Mikaela Shiffrin raises her arms in triumph after winning the women’s slalom gold. Photo: AP

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ALPINE SKIING – WOMEN’S SLALOM
1. Mikaela Shiffrin (USA), 1:44.54
2. Marlies Schild (AUT), 1:45.07
3. Kathrin Zettel (AUT), 1:45.35

Chloe Dygert crashes over guard rail, fails to finish world championships time trial

Chloe Dygert
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American Chloé Dygert crashed over a guard rail and failed to finish the world road cycling championships time trial, where she appeared en route to a repeat title in Imola, Italy.

Dygert, who last year won by the largest margin in history as the youngest-ever champion, lost control of her bike while approaching a curve to the right. Her front wheel bobbled, and she collided with the barricade, flipping over into an area with grass.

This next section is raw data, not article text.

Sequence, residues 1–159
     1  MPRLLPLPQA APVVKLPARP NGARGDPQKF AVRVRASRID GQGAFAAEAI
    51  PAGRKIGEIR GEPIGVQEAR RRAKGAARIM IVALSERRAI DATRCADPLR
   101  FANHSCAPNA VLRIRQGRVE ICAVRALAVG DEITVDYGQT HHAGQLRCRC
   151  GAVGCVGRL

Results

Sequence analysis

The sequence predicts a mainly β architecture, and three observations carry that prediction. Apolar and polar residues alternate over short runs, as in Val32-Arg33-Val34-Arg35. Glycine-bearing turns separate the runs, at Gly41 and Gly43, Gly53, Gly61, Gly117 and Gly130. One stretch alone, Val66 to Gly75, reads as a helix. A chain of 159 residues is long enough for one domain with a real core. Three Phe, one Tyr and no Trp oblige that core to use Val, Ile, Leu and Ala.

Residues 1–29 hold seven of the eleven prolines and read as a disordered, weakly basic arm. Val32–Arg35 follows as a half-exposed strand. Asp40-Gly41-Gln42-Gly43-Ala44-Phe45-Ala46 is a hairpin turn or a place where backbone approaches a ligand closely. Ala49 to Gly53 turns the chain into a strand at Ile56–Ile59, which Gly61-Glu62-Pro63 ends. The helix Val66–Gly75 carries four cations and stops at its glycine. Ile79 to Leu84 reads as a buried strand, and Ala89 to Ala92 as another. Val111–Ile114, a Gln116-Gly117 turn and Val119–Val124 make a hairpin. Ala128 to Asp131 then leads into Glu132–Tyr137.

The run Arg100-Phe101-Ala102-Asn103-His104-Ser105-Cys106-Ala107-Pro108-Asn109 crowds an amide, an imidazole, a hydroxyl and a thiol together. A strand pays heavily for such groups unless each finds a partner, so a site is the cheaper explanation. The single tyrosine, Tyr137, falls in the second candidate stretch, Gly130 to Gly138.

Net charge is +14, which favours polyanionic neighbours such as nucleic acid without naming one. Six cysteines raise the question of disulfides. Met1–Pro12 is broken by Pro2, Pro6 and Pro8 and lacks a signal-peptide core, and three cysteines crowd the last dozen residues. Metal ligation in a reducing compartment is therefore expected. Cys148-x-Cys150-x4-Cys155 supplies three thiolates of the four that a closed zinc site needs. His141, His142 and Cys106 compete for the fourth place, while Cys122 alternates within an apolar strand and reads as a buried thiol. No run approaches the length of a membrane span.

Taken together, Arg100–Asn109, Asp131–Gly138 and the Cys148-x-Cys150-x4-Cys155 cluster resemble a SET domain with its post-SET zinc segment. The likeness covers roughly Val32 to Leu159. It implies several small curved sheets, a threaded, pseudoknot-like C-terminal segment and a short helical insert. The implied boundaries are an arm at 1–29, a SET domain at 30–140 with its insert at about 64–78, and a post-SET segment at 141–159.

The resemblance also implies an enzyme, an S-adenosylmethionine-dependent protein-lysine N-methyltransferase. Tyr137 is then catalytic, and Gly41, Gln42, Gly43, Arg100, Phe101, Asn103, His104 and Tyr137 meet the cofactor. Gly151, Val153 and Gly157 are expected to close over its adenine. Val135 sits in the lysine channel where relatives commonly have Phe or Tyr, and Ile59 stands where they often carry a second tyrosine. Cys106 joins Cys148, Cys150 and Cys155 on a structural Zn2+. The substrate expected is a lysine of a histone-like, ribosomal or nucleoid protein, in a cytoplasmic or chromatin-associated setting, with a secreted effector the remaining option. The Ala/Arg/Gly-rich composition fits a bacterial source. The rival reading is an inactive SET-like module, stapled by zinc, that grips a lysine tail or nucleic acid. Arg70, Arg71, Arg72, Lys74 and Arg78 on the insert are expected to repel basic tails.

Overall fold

Dygert, her legs appearing bloodied, was tended to by several people, put on a stretcher and taken toward an ambulance.

“All we know is that she is conscious and talking,” according to USA Cycling, about 25 minutes after the crash. “More updates to come.”

About 10 minutes after the crash, Dutchwoman Anna van der Breggen won her first time trial title.

Van der Breggen took silver the last three years behind Dygert and countrywoman Annemiek van Vleuten, who missed this year’s race after breaking her wrist last week in the Giro Rosa.

Dygert, 23, had a 26-second lead at the 14-kilometer time check of the 31-kilometer race. Full results are here.

Dygert qualified for the Tokyo Olympics when she won last year’s world time trial title. She has been bidding to make the Olympics on the road and the track.